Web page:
Positive Cynicism – Looking back at 36 years

Aaron Davis

Aaron R. Davis

As you’re reading this today, I’m turning 36 years old. I don’t feel 36. I don’t feel like a grown man, not in the least. I feel like an unprepared kid that somehow got trusted with adult responsibilities, just waiting for someone to realize what a mistake that was.

Lately, I’ve been going through the old family photo album. Haven’t looked at it in years. Maybe in two decades. And it’s been very interesting seeing myself as a baby and as a little boy. God damn it, I was a happy kid. I’m smiling in nearly every picture I see, just enjoying this whole wide world and all of the experiences it had to offer.

But, like a lot of people in life, I can see the point when I stop smiling so much in photos. I can see where my fears start to take over and where a certain, so far incurable sadness sort of takes over my life.

It starts in childhood, as I begin to lose control of my weight. Partially it was the result of a series of prednisone shots that were designed to save me from ear infections. I suffered from a lot of ear infections as a kid, and my parents were faced with the choice of steroids or letting me go partially deaf. I think they made the right choice; I love music too much to contemplate not being able to hear it with perfect clarity. But I’ve never been the same since. I went from wiry kid to fat kid.

Looking at myself now, I can see that I was never really obese. I was overweight, yes, but compared to how I look now, I was practically svelte. But I was convinced I was fat, ugly and horrible because, when I started gaining weight in fourth grade, that was how all of the other kids made me feel. I grew up feeling worthless, internalizing their judgments of me, and came out of it all genuinely believing that I was not a person who deserved to be happy, or who could ever expect to be.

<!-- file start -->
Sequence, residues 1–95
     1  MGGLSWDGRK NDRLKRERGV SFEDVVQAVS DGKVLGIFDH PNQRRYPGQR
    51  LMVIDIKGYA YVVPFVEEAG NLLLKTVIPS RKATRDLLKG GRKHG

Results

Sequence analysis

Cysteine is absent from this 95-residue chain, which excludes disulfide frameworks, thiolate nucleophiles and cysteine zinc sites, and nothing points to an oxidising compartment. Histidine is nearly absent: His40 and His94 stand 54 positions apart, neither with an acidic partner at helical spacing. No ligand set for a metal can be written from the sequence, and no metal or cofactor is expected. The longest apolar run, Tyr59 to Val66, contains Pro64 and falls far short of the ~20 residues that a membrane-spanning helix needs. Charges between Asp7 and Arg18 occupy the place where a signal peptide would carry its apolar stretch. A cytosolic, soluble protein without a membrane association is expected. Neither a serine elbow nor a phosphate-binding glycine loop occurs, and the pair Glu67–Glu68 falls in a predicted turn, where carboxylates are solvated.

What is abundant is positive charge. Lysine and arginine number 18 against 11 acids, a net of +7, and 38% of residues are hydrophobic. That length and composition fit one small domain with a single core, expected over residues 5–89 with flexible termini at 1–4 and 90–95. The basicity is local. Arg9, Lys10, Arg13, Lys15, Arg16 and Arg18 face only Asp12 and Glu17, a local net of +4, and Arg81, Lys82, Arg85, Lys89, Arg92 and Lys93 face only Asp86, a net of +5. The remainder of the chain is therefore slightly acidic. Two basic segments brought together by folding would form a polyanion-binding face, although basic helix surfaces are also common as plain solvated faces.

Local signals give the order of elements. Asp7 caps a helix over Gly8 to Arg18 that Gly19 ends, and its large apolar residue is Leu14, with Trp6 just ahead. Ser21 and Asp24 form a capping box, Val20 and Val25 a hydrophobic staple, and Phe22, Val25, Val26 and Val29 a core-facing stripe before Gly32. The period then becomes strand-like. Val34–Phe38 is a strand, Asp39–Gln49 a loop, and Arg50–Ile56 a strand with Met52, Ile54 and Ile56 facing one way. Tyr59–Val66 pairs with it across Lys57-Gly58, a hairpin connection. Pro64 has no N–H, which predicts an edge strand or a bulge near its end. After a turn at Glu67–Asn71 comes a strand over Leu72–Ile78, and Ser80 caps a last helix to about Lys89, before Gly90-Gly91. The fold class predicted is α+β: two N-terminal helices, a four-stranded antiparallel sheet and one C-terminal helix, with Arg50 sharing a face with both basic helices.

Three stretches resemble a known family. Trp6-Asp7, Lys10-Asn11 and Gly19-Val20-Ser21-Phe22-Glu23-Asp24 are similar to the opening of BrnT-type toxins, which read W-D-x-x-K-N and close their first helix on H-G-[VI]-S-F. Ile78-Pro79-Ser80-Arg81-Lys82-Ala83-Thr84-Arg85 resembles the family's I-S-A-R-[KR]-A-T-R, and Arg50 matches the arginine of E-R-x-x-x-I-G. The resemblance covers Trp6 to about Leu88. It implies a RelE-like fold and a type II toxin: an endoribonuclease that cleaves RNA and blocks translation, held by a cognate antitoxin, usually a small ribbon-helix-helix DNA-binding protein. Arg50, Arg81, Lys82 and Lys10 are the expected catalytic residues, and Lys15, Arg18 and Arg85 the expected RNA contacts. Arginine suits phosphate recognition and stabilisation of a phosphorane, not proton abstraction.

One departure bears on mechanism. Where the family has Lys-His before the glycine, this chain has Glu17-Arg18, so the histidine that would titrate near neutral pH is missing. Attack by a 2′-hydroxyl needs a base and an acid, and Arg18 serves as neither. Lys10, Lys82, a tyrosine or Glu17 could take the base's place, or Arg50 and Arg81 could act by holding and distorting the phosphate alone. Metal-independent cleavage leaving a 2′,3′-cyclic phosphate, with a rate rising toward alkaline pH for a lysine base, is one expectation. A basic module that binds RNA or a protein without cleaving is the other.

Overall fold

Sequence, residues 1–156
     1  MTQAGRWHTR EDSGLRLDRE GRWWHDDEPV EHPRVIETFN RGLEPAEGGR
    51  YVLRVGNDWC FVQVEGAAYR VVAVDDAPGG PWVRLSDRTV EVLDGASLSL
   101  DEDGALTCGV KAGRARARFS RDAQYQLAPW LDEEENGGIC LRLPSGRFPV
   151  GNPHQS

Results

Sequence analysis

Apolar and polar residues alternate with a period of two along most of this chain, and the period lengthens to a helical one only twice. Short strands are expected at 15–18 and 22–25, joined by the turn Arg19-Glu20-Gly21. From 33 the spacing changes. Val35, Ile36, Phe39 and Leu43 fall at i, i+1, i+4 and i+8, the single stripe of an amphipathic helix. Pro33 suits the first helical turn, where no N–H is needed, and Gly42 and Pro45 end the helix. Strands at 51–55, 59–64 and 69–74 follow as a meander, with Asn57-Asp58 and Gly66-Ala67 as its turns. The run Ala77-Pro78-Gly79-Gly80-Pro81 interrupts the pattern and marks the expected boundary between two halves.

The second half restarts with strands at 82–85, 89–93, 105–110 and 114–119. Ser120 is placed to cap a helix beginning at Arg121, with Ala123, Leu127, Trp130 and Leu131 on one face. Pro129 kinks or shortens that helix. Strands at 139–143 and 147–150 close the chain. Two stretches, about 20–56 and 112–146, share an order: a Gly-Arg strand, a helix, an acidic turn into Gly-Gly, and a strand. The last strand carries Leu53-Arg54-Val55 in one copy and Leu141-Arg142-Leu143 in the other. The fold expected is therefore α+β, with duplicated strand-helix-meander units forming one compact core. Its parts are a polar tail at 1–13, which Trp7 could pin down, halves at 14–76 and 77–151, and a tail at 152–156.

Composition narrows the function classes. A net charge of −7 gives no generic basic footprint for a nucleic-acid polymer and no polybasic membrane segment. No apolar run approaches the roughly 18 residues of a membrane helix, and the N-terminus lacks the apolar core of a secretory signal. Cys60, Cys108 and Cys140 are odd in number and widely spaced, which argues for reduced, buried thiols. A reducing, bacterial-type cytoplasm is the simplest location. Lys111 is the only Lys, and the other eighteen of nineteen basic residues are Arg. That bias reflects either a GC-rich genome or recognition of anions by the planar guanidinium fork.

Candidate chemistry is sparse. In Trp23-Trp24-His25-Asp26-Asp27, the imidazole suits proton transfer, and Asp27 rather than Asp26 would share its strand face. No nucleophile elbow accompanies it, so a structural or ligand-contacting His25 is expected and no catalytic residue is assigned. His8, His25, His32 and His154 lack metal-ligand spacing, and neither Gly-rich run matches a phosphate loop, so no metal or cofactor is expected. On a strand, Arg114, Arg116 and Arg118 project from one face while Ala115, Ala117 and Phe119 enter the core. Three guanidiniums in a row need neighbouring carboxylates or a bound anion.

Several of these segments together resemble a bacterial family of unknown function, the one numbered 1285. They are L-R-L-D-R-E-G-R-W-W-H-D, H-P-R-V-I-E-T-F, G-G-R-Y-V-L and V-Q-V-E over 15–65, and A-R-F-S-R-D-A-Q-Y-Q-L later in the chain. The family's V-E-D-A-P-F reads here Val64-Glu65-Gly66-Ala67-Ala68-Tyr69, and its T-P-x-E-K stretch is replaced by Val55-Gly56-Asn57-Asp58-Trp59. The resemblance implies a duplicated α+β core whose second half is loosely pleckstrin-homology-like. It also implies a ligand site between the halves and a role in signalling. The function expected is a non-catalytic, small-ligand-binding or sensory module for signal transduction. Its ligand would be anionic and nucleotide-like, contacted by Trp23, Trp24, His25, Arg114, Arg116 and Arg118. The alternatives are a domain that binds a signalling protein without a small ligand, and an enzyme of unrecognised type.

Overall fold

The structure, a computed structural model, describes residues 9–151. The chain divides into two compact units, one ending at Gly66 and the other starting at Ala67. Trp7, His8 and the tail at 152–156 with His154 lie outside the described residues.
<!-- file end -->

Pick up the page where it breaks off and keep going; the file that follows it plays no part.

I know we tell our kids not to let these things bother them, not to take it personally, but that’s a load of shit. Kids are so terrified of being different that they’ll turn on the kid who’s more different just to deflect negative attention, even if that negative attention only exists in their fears. And the kid who receives the lion’s share of negative attention is going to internalize it. When something’s repeated enough, at an early enough age, it becomes a part of you. It becomes something you live with for the rest of your life.

To add to the loneliness and worthlessness I felt, my parents got divorced when I was in junior high. In the same few months, my father moved out of the house and my mother, sister and I were forced to move out of the home I felt safe in to a small condo. I moved out of that place 12 years ago, and my mom asks me why I never come to visit. Easy answer: it’s because that place never felt like home to me. Not once. It was a place where I spent my teenage years completely unable to relax. It was small and cramped and people were in my face all the time. I don’t care if I ever see it again. The place I considered home was a place I was forced out of at the age of 13. The place I consider home now is the apartment I share with my wife. I love my mom, but I don’t love where she lives. I’m glad to be gone.